Saturday, January 8, 2022

Bite-Sized Bios for Earlier vs Recent Ancestors

When I write a bite-sized bio for ancestor who was known to me or my relatives, I frequently have so much material that I have to pick and choose to make the bio both brief and informative. 

There are so many recent genealogical sources available, as well as family letters, diaries, and family photo albums, that I have a rich cache of content. Plus, older cousins who remember these people can share stories that make the bios more vivid and add personality well beyond the basic facts.

What can I learn about earlier ancestors?

However, writing a bio for an ancestor who died before the 20th century can be more of a challenge because nobody alive today knew that person and rarely do I have personalized sources. 

Still, my bio for someone who died more than a century ago usually includes: birth, marriage(s), and death dates and places (where known); parents' names; spouse(s) name(s); occupations; residence(s) and land ownership; military service (if applicable); children's names; geographical movements; and some social/historical context.

Sources for writing bios of earlier ancestors

I get these details from sources such as (but not limited to) multiple Census records, vital records, military records, naturalization records, city directories, newspapers, obits, and county histories. I use Wikipedia, history books, and other sources to add a bit of background, such as about immigration trends or frontier life, when I weave the basics into an interesting story told in my own words. 

Sometimes there are scant sources for a much earlier ancestor. Then I write what I can, emphasizing details that I do know--such as where that ancestor is in the birth order of siblings, how many of that ancestor's siblings survived to adulthood, what that ancestor did for a living, whether that ancestor married, and so on. These bios are not as long or rich as bios for more recent ancestors, but I do try to make them interesting and bring out the human angle.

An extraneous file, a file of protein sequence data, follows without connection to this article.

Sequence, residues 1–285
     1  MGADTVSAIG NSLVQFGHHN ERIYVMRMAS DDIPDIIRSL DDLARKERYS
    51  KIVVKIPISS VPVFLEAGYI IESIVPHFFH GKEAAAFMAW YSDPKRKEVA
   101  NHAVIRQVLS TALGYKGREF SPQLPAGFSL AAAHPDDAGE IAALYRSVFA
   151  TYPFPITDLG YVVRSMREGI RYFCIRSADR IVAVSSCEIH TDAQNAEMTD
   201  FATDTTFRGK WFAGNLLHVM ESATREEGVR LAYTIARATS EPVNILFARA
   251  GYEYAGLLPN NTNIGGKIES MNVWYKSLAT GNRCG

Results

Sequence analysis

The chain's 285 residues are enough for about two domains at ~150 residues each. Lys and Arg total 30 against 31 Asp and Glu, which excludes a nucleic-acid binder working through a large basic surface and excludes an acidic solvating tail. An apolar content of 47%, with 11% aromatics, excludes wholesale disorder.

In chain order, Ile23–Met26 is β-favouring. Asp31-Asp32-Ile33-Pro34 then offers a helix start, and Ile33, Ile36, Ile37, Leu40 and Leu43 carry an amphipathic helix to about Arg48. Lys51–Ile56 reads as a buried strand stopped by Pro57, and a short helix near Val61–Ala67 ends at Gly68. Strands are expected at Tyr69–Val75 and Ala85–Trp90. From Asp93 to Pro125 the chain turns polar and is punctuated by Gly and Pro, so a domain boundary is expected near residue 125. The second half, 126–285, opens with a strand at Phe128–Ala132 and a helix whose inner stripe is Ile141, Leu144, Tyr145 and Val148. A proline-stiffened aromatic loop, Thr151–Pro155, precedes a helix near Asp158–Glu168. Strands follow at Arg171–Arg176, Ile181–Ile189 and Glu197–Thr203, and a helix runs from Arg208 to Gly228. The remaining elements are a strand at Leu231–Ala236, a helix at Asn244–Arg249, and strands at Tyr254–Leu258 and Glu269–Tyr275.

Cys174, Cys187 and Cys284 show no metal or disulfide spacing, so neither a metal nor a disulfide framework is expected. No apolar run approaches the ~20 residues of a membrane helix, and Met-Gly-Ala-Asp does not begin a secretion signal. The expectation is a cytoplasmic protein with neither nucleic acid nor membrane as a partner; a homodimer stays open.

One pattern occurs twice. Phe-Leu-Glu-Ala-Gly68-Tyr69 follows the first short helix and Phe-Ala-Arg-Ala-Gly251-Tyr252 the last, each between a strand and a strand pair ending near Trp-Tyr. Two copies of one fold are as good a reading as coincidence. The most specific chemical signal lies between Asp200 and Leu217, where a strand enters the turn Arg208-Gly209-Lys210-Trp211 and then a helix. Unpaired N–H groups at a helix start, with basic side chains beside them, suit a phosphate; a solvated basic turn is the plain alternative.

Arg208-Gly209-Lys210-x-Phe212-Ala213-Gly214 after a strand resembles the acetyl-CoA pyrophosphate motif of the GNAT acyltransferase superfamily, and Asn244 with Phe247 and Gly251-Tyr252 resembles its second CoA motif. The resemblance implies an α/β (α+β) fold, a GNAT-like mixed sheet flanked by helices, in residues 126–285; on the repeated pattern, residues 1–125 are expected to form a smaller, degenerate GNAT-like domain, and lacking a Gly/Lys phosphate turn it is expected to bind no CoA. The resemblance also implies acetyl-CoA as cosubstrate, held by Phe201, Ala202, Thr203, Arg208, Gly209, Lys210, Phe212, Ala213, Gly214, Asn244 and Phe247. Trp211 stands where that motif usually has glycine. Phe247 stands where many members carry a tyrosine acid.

Other times, I can dig up a considerable amount of content for an ancestor who died more than a century in the past. When my husband and I were in Indiana a few years ago, we cranked a local library's microfilm reader to research ancestors in 19th century newspapers. There we found a wonderfully detailed obituary for hubby's 2d great-grandfather, Benjamin McClure (1812-1896)--a truly great source for an ancestor bio!

The woodcut portrait of Benjamin McClure, shown at top, is also from a 19th century newspaper accessed via microfilm at that same local library.* I've posted the woodcut on FamilySearch and other sites where I post bios and images, to bring this ancestor to life.

*About copyright: The Legal Genealogist, Judy Russell, writes about copyright and newspapers from time to time--including this old but still informative post. Also see this brief Library of Congress post about newspaper databases. Note that I'm not an expert on the legalities of newspapers/books and copyright, so please do your own homework before using any published content, either words or images, from the past!


  1. Really thorough list of sources for a bio for our early ancestors. Thanks for the inspiration.

  2. Even bite-sized bios are better than no bio and can be the beginning to expand on when more information is known.